APAC companies going global must understand tax implications of remote staffBy Charles Ferguson
Keeping abreast of changing tax regulations has never been more crucial. Whether for a company that has yet to unleash the value and potential of borderless teams, or a global business that unexpectedly must manage a geographically dispersed workforce, navigating potential tax risks must be a top priority.
Although tax rules and regulations vary from one country to another and from one industry to the next, the most common corporation taxes collected by governments include: corporate and individual income taxes, indirect taxes including goods and service tax (“GST”), value added tax (“VAT”) and sales tax, property taxes on real estate assets, and employment and payroll taxes.
Beyond local specificities tax-wise, several factors can complicate tax compliance for businesses. A rapid shift to remote work, such as that induced by Covid-19 for instance, introduced a considerable number of changes in the way taxes had to be calculated. Failing to recognise tax law details or miscalculating taxes owed puts companies at risk of fines for noncompliance. It is, therefore, vital to gain control, visibility, transparency, and governance on a global scale via flawless local filing in an accurate, timely manner.
Eighteen months into the pandemic with the ‘work from anywhere’ model well established, tax authorities are now reviewing how taxes are imposed in line with these new business norms. For example, in 2020, the Inland Revenue Authority of Singapore (IRAS) granted temporary tax concessions on employment income through to June 30, 2021 for citizens and residents who were unable to travel back to overseas employers and needed to work remotely from Singapore. Non-residents who were temporarily stuck in Singapore and unable to return to their home countries were also granted these concessions. With the tax relief coming to an end, citizens, residents, and non-residents who were previously covered under the tax concession may now be subject to employment tax in Singapore with some exceptions. This means that their employers would need to spend more resources in tracking the length of time those employees spent in Singapore and understand the tax impacts of the “remote work” to mitigate the creation of a tax presence that could potentially trigger additional tax risk. Employees equally need to make themselves familiar with the requirements and implications.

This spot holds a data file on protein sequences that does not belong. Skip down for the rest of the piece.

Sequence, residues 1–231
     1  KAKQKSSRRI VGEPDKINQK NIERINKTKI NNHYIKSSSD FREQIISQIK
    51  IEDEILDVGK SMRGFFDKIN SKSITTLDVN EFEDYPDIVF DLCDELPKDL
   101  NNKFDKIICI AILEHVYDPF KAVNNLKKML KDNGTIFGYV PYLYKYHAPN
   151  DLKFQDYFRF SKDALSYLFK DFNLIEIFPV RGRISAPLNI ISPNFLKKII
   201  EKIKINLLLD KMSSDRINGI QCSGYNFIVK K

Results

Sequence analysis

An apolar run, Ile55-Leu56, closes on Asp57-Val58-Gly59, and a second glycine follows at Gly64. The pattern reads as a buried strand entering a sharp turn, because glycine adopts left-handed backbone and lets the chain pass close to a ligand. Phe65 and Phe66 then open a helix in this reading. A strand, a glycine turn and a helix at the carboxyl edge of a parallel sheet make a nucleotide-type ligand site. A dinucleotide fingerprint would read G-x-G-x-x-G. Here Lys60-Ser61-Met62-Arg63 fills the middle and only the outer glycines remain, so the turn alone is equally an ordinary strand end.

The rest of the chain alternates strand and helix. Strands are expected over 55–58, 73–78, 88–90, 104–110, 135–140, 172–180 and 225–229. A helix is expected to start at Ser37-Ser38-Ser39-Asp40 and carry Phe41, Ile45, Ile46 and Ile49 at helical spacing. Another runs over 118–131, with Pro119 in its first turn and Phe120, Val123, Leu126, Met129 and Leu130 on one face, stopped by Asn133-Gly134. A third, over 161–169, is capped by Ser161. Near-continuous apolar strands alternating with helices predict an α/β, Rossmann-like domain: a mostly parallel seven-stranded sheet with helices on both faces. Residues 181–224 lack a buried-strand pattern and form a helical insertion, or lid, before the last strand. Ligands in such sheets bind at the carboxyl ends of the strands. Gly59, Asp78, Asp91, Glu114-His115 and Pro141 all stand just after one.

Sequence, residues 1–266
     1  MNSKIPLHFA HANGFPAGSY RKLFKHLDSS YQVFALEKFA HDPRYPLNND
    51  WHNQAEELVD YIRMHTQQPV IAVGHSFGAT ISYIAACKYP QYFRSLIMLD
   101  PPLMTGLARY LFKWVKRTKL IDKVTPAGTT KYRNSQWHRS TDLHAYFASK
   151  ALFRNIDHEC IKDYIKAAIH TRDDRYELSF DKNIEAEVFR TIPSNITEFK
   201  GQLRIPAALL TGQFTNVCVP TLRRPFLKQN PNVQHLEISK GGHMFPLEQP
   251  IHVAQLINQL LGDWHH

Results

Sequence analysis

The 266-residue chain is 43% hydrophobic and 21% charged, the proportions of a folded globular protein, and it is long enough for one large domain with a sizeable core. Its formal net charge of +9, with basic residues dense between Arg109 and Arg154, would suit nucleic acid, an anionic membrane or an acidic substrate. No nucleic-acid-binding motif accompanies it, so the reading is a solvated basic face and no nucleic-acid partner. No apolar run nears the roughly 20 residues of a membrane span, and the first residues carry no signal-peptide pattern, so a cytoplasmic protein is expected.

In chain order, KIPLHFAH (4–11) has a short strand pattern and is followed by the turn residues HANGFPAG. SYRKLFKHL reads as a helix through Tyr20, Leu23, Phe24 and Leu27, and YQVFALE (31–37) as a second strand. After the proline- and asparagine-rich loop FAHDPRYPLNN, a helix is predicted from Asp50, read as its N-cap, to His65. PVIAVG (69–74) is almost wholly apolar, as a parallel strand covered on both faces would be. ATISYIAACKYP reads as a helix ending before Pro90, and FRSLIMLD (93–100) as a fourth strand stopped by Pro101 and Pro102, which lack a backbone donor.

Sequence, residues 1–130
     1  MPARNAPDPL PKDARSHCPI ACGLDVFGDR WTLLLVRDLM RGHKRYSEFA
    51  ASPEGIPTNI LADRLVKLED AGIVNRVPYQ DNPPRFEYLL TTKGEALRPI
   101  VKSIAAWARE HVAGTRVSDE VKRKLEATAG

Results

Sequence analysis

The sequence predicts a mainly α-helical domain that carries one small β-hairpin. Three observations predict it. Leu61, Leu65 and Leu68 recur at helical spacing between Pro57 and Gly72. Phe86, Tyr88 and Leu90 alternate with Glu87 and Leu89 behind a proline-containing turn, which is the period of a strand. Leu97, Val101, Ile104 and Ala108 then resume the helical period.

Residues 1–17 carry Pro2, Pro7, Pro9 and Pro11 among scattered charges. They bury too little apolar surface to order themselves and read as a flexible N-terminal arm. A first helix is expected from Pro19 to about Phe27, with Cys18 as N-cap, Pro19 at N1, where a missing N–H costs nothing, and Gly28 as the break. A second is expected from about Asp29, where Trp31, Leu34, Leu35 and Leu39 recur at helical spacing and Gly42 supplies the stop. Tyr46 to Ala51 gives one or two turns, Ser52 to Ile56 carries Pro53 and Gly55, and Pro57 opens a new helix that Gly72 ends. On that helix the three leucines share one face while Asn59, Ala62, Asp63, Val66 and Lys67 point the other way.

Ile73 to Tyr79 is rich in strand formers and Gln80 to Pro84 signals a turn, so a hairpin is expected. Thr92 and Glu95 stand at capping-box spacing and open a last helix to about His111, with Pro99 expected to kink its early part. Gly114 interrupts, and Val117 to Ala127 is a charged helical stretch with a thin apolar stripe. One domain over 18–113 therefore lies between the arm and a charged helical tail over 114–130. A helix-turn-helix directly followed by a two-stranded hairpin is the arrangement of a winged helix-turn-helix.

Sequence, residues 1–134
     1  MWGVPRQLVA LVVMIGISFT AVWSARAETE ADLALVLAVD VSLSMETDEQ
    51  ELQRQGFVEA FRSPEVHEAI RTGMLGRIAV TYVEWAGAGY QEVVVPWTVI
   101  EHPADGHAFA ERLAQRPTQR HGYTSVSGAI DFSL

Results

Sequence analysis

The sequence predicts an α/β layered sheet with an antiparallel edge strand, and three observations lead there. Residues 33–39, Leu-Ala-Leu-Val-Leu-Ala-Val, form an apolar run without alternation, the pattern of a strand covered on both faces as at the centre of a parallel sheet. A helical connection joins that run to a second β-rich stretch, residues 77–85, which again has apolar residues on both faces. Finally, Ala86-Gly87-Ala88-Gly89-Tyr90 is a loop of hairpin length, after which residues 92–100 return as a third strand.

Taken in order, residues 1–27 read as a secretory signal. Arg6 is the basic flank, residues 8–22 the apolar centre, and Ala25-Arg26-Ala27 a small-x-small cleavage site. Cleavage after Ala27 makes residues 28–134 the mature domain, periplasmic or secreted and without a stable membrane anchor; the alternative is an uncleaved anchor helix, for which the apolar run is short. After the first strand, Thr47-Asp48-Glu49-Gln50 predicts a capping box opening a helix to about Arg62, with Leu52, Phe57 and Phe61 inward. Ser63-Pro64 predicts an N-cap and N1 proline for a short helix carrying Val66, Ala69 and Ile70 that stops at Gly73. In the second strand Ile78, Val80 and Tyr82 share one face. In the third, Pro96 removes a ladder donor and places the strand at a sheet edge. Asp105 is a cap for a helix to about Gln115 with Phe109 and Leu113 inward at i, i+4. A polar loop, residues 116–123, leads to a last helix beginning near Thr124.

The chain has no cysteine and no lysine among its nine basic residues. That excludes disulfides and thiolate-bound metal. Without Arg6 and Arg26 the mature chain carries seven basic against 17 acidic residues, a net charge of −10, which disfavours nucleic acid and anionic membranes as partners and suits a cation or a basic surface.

According to a pre-pandemic study on tax complexity in Asia Pacific carried out by Deloitte: “China, India, Australia, Japan and Singapore are the top five jurisdictions in which many companies will spend the most time and resources on tax management in the next three years.” This aligns with the rise of the tax audits carried out by tax authorities in the Asia Pacific region to ensure appropriate tax compliance. Additionally, with the evolution of business models along with the rapid growth of the digital economy in the Asia Pacific region, remote working is now becoming the norm. Digital advancement allows remote staff to carry out extensive activities without having any presence in the market jurisdiction. In response, tax authorities are now catching up with the change and introducing tax reforms to minimise tax leakage in this area. With increased emphasis on tax management, companies will need to allocate more resources to managing tax risks such as investing in better systems and hiring in-house tax experts in order to adhere to the changing tax rules.
Despite tax implications and other risks associated with the pandemic, a CFO Report commissioned by Globalization Partners in May 2021 revealed that 53 percent of Asia Pacific executives are prioritising the implementation of a strategy for global expansion and presence, compared to 39 percent of EMEA executives and 36 percent of North American executives. CFOs across the world are optimistic, as global expansion opportunities abound, including newly shaped post-pandemic markets and M&A opportunities, according to the report.
Many companies may not have in-house experts to investigate all of these compliance aspects. Companies with global teams can benefit from exploring the latest time-saving and cost-efficient technologies relating to taxation compliance, as well as quickly understanding and adjusting to new regulation. Choosing a strategic partner can help provide the needful advice and solutions on evolving tax developments in order to remain compliant and avoid potentially significant tax exposures.